Youngsters pessmistic about future
Most young people are anxious about climate change, with those in China singling it out the issue that makes them most fearful for the future.
Education charity Varkey Foundation polled more than 20,000 young people aged 15 to 21 in 20 countries, from Argentina and Australia to the UK and US, about their attitudes and wellbeing.
It found that 66% of those born between 1995 and 2001, known as Generation Z, were anxious about climate change, which came behind extremism and global terrorism (83%) and conflict and war (81%) as posing the greatest threat for the future.
The one exception was in China, where 82% of young people said they were more concerned about climate change than any other threat. Figures for the UK and US were 62% and 59% respectively.
Society’s ability to address climate change was seen by most respondents as more difficult than dealing with other issues young people were concerned about, including growing inequality, the ongoing refugee crisis and poor education provision in many developing countries. Nonetheless, 84% were optimistic that technology would solve problems in the future.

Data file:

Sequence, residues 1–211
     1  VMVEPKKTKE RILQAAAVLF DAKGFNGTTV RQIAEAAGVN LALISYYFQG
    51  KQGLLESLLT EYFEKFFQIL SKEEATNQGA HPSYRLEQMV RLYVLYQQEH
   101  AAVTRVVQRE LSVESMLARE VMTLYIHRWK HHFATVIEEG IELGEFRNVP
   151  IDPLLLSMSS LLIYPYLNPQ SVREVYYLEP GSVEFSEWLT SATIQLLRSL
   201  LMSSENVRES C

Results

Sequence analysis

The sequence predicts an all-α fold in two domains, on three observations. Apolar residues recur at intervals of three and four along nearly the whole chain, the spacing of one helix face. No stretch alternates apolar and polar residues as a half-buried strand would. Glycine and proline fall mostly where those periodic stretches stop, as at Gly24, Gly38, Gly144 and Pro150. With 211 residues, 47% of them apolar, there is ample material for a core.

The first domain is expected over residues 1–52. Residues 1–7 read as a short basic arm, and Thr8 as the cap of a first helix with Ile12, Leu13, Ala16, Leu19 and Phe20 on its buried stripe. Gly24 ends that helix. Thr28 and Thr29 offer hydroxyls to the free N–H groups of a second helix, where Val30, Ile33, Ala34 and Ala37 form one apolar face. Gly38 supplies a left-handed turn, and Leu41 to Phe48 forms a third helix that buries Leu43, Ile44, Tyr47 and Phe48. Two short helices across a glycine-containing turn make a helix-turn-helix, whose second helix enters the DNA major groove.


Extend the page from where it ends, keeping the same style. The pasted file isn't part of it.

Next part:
Overall, young people were pessimistic about the future. In 16 countries, more young people said they believed the world was becoming a worse place to live. Vikas Pota, chief executive at the foundation, said: ‘Young people are a generation that is deeply pessimistic about the future of the world. They are not strongly influenced by politicians and think that their governments are doing far too little to solve the refugee crisis – one of the greatest challenges of our age.’
Respondents were also asked why their country was a good place to live. Young Italians (45%) and Indonesians (30%) cited the natural environment as the main reason they liked their homeland.
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